Saudi culture and customs

How to behave like a local

Saudi culture and customs

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One of the best ways to be a respectful tourist — and to make the most of your experience in the kingdom — is to educate yourself on local customs. This Q&A with Khaled Shuwail, visitor experience adviser with the Saudi Tourism Authority, will help get you started on the right foot!

Q: What are common greetings in Saudi Arabia?

 
In Saudi Arabia, when we greet each other, we say “Salam Alaykum,” which means “peace be upon you.” It is usually followed by a handshake if it is a formal meeting, or a kiss on the cheek if it’s been a while since meeting that person —  especially if they are family or a close friend. Nowadays, with COVID-19, we say Salam Alaykum followed by a wave.

Q: What is Saudi Arabia’s dress code for women and men?

Traditionally, women wear an abaya [a long robe or cloak that covers the whole body] over their everyday clothing. As for men, they can wear anything from the traditional thobe [a long-sleeved, gownlike garment] to jeans and a T-shirt. In 2019, Saudi introduced the “Public Decency Law,” which explains what does and does not count as good attire in public for ladies and gentlemen. Basically, loose-fitting clothing that covers to the elbow and below the ankle is recommended for both men and women in public.

 

Q: What is considered appropriate dress at Saudi beaches?

What is considered appropriate dress at Saudi beaches?

In general, it is not mandatory to wear an abaya or hijab [head covering]. However, you should dress modestly. [Refer to the Kingdom of Saudi Arabia’s Public Decorum Charter for more information.]

 

Q: Is running or jogging in public acceptable for men and women, and if so, what should exercisers wear?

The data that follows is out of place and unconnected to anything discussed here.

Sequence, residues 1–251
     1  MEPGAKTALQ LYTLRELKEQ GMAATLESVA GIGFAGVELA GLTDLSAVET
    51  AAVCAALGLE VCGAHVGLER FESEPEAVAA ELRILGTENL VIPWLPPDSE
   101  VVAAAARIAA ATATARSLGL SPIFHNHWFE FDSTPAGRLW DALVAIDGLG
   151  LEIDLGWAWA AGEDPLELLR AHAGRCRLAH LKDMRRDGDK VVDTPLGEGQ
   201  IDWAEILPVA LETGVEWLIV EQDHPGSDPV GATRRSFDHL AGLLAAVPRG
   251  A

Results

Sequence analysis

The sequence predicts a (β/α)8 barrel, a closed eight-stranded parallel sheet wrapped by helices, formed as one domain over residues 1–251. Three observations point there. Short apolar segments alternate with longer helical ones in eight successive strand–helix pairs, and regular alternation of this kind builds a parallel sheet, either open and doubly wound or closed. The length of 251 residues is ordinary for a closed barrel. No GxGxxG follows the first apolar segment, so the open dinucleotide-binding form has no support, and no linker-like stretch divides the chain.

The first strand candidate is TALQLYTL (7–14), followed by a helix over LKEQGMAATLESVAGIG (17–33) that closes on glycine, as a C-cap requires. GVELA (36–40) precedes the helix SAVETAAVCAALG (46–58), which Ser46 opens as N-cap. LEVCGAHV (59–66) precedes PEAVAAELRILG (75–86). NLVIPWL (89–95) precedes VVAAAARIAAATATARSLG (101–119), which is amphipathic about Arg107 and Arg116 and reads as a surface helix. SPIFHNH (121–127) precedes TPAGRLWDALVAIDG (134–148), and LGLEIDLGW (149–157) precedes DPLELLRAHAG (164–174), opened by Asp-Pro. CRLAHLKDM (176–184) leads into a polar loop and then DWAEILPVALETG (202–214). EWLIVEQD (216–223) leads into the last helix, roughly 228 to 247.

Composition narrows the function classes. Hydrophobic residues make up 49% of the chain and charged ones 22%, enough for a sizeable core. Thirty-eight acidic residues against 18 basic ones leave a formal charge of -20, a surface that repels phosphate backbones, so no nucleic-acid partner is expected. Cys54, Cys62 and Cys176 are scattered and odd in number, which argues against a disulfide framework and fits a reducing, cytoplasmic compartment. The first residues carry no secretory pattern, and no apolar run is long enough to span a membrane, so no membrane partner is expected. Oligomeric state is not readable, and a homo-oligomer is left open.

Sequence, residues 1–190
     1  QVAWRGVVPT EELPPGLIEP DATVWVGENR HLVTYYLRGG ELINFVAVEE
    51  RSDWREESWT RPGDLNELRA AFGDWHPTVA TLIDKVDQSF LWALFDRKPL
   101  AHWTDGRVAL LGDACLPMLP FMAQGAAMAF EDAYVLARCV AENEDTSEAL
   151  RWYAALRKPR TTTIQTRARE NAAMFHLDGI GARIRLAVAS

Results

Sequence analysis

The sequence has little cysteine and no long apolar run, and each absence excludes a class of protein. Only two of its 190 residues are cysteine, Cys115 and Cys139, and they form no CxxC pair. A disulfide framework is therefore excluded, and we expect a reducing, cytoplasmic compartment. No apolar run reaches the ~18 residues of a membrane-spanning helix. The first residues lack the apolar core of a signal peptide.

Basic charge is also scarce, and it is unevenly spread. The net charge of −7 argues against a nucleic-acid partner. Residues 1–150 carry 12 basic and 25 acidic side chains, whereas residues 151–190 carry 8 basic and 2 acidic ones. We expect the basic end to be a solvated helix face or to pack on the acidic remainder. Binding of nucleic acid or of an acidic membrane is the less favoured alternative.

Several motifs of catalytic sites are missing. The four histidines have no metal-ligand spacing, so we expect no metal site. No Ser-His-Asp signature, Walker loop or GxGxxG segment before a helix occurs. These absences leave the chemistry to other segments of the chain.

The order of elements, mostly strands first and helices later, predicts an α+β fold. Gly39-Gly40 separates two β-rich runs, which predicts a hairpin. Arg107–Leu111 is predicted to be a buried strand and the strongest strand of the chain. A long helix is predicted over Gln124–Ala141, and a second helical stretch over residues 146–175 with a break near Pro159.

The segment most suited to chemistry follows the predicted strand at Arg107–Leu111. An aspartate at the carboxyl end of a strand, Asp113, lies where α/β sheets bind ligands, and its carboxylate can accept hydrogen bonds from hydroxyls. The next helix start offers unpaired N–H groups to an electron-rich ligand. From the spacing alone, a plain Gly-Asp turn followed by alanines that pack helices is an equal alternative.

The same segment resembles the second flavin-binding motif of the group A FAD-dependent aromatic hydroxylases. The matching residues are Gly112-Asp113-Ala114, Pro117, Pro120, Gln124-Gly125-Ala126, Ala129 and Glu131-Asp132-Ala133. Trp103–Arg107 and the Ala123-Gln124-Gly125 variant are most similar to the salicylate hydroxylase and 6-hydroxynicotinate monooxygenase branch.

It is acceptable. Exercisers should wear clothing that matches the Public Decorum Charter.

Q: Is it acceptable to bring young children to restaurants? Must they follow a dress code?

 
Mostly, children are not only allowed but also welcomed! However, if you are going to a fancy restaurant, it is best to reach out in advance in case there are any restrictions on having children with you. As for the dress code, there are no specific rules for children, as long as they are dressed modestly.

Q: Is price negotiation encouraged at Saudi Arabian street markets?

 
As part of our Saudi Hafawah (hospitality), we try to give visitors to the kingdom the best possible price, and to treat our tourists like friends. However, bargaining is usually acceptable—even expected—at traditional markets.

Q: What constitutes proper behavior at people’s homes?

 
In general, we are a welcoming community in Saudi. However, there are clear norms about how people socialize in Saudi homes. Most Saudi homes have a space called a majlis that is dedicated to entertaining guests. Within the majlis a Saudi host will serve their guests food, snacks, etc. However it is not normal for guests to be entertained in family living areas.

Q: Are there Saudi Arabian photography rules?

 
Saudis value their privacy a lot, especially females. So before taking any picture, especially if people are included, ask them first. You should also be careful taking photographs of government buildings, including police stations, and national infrastructure such as airports. Cell phone photography is generally fine, but if you’re using a full-size camera with a telephoto lens you might be asked to stop.

Q: What should one do during prayer times to be respectful of worshippers?

 
People usually pray in areas reserved for prayer or in mosques. To show respect around these areas, avoid doing things that could distract others, like talking loud or playing loud music. If you are not around those areas during prayer time, just act normally.

Q: What is the best thing tourists can do to ingratiate themselves with the locals?

 
In Saudi, we really care about our guests. Seeing tourists come to Saudi and explore our country makes us feel proud and happy. So the best thing tourists can do is come!

— By Didi Gluck

Travel Responsibly

Travel Responsibly

Travel Responsibly

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